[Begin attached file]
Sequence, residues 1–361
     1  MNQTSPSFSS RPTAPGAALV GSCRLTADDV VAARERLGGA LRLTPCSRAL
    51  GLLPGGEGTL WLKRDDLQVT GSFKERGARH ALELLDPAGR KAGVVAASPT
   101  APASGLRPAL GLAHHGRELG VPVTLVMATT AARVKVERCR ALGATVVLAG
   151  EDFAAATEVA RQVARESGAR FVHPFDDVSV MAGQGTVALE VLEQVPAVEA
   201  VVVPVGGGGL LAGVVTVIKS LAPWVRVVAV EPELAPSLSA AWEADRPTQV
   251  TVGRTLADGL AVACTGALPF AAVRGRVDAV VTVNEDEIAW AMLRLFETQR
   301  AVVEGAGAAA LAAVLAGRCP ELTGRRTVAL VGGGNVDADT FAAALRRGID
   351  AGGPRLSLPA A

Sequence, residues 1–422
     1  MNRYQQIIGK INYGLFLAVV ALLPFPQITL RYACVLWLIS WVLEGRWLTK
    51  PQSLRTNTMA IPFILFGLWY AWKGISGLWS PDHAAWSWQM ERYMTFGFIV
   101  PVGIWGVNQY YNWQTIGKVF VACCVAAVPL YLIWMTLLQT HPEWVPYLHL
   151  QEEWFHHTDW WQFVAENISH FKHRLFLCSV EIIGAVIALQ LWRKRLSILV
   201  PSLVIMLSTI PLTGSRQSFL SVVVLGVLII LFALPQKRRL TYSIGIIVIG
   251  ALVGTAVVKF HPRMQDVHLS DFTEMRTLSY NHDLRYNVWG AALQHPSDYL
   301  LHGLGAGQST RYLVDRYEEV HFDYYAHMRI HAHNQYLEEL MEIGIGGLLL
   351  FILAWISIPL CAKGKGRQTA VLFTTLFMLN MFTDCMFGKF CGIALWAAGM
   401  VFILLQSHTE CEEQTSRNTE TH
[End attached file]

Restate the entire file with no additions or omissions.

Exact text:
Sequence, residues 1–361
     1  MNQTSPSFSS RPTAPGAALV GSCRLTADDV VAARERLGGA LRLTPCSRAL
    51  GLLPGGEGTL WLKRDDLQVT GSFKERGARH ALELLDPAGR KAGVVAASPT
   101  APASGLRPAL GLAHHGRELG VPVTLVMATT AARVKVERCR ALGATVVLAG
   151  EDFAAATEVA RQVARESGAR FVHPFDDVSV MAGQGTVALE VLEQVPAVEA
   201  VVVPVGGGGL LAGVVTVIKS LAPWVRVVAV EPELAPSLSA AWEADRPTQV
   251  TVGRTLADGL AVACTGALPF AAVRGRVDAV VTVNEDEIAW AMLRLFETQR
   301  AVVEGAGAAA LAAVLAGRCP ELTGRRTVAL VGGGNVDADT FAAALRRGID
   351  AGGPRLSLPA A

Sequence, residues 1–422
     1  MNRYQQIIGK INYGLFLAVV ALLPFPQITL RYACVLWLIS WVLEGRWLTK
    51  PQSLRTNTMA IPFILFGLWY AWKGISGLWS PDHAAWSWQM ERYMTFGFIV
   101  PVGIWGVNQY YNWQTIGKVF VACCVAAVPL YLIWMTLLQT HPEWVPYLHL
   151  QEEWFHHTDW WQFVAENISH FKHRLFLCSV EIIGAVIALQ LWRKRLSILV
   201  PSLVIMLSTI PLTGSRQSFL SVVVLGVLII LFALPQKRRL TYSIGIIVIG
   251  ALVGTAVVKF HPRMQDVHLS DFTEMRTLSY NHDLRYNVWG AALQHPSDYL
   301  LHGLGAGQST RYLVDRYEEV HFDYYAHMRI HAHNQYLEEL MEIGIGGLLL
   351  FILAWISIPL CAKGKGRQTA VLFTTLFMLN MFTDCMFGKF CGIALWAAGM
   401  VFILLQSHTE CEEQTSRNTE TH